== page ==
Tomorrow is the Memorial of Saint Isaac Jogues (died 1646) and Saint John de Brébeuf (died 1649), Priests and Martyrs, and Companions, Martyrs. (It is also the Memorial of Saint John of the Cross, Priest (died 1775) for the Universal Church, but because tomorrow is the feast of the North American Martyrs, Saint John of the Cross’s Memorial in the United States is celebrated on October 20th). And tomorrow is the birthday of Rachel, the oldest daughter of Richard’s sister Nita in Georgia (1986). I will do the Weekly Computer Maintenance and my laundry. I will also download the latest Masterbase from my National Park Traveler’s Club site, and see if I need to do any work on it. I will also work up when we will read what books in our Third Tuesday Book Club in 2017, and send an Email out to the membership, and I will get on Amazon and order a Miskatonic University T-shirt. And Michelle will come over after Jeopardy!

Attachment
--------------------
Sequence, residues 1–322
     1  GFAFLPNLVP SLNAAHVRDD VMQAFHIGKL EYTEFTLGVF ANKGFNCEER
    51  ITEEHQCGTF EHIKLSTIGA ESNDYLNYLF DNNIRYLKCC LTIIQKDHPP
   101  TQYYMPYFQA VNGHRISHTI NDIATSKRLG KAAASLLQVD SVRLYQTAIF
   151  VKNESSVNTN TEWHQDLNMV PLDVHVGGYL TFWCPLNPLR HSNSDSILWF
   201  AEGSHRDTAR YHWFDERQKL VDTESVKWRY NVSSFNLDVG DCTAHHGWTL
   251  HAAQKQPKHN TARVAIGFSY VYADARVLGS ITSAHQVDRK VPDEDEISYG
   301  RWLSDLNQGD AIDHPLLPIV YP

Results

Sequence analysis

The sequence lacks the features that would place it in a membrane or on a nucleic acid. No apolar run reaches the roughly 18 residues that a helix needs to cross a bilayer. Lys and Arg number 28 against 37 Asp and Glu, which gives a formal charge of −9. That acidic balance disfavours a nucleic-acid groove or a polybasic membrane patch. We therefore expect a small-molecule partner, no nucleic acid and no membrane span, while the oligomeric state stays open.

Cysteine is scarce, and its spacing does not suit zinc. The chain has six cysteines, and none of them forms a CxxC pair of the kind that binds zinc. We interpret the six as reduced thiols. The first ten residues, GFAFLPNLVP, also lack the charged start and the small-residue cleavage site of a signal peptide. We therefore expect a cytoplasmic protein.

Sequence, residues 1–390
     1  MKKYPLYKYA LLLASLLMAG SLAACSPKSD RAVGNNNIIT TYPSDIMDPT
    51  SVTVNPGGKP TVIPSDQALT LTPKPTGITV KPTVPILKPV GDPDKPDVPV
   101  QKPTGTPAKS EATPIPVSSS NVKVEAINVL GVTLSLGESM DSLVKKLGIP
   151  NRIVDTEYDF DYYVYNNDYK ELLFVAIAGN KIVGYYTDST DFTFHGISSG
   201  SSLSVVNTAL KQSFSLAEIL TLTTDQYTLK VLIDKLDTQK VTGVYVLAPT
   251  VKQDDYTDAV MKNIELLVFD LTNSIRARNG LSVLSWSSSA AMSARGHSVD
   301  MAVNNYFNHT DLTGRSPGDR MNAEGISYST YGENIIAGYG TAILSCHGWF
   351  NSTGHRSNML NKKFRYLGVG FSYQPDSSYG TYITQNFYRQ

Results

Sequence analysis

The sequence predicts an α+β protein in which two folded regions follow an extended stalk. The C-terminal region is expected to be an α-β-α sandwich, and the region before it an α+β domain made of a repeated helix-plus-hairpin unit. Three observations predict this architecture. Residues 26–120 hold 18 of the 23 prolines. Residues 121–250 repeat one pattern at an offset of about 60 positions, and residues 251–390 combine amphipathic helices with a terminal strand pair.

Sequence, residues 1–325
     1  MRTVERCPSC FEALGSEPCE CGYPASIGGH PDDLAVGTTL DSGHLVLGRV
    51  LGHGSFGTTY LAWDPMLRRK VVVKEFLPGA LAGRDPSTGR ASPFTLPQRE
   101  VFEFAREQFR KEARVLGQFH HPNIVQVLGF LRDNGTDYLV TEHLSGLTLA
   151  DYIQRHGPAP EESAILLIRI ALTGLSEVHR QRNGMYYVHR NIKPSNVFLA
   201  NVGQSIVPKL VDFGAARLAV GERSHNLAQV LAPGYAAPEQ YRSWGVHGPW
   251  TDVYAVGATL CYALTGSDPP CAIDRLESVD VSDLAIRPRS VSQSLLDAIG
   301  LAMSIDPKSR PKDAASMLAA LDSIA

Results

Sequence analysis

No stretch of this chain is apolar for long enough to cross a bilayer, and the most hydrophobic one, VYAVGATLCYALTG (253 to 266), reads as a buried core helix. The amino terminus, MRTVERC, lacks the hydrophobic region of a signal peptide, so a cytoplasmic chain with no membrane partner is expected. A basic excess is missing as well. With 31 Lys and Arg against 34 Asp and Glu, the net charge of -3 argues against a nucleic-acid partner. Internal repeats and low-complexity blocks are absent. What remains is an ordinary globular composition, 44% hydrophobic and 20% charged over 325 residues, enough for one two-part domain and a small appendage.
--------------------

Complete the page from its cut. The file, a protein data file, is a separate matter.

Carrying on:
Our Parting Quote on this Tuesday evening comes to us from Bum Phillips, American football coach. Born as Oail Andrew Phillips in 1923 in Orange, Texas, he played football at Lamar University in Beaumont, Texas but enlisted in the United States Marine Corps shortly after the attack on Pearl Harbor, becoming one of the elite Marine Raiders. After he returned from the war Phillips completed the remaining year on his degree at Lamar, and enrolled at Stephen F. Austin State University in Nacogdoches, Texas, lettering in football in 1948 and 1949 and graduating with a degree in education in 1949. During the 1950s and 1960s, Phillips coached high school football in various Texas cities, including Nederland, Jacksonville, Amarillo High School, and Port Neches–Groves (1963-1964). His college coaching stints included serving as an assistant coach at Texas A&M University (for Bear Bryant), the University of Houston (for Bill Yeoman), Southern Methodist University (for Hayden Fry), and Oklahoma State University with Jim Stanley. He was the head coach at the University of Texas at El Paso for one season in 1962. In the late 1960s, Phillips was hired by Sid Gillman to serve as a defensive assistant coach for the San Diego Chargers. In 1973 Gillman became head coach of the Houston Oilers, and he brought Phillips with him as his defensive coordinator. In 1975 Phillips was named head coach and general manager of the Oilers, and he served in that capacity through 1980. As coach of the Oilers, he became the winningest coach in franchise history (59-38 record). He was known for his trademark cowboy hat on the sidelines, except when the Oilers played in the Astrodome or other domed stadiums. He stated that his mother taught him not to wear a hat indoors. Under Phillips, the Oilers reached the AFC Championship Game in two consecutive seasons, losing to the Super Bowl champion Steelers 34-5 in 1978 and 27-13 in 1979. Both teams were members of the competitive AFC Central Division and thus played three times in both 1978 and 1979, fueling an intense rivalry. During this period of league-wide AFC dominance, some commentators considered Houston and Pittsburgh to be the two best teams in the NFL. From 1981 through the first 12 games of the 1985 season he was the head coach of the New Orleans Saints, and as in his coaching tenure with the Oilers, Phillips took off his trademark Stetson inside the Louisiana Superdome. In 1983, his Saints almost had the first winning season and playoff berth in franchise history. The Rams beat the Saints for the final playoff spot in week 16, 26-24 on Mike Lansford’s 42-yard field goal with 00:02 to play. Phillips resigned as Saints coach on November 25th, 1985, one day after a 30-24 victory over the Minnesota Vikings. Phillips later worked as a football color analyst for television and radio. He subsequently retired to his horse ranch in Goliad, Texas. Phillips endorsed his own brand of sausages and also served as the spokesman for Spectrum Scoreboards. Bum was also a spokesman for Texas State Optical (TSO), a regional chain of prescription eyewear retailers, during part of the ’90s. He was also a spokesman for Hearing Aid Express, a Texas-based hearing aid company, from 2001 until his death, as well as a spokesman for Blue Ribbon Sausage beginning in 1986. In 2010 he published his memoirs, Bum Phillips: Coach, Cowboy, Christian (died 2013): “There’s two kinds of coaches, them that’s fired and them that’s gonna be fired.”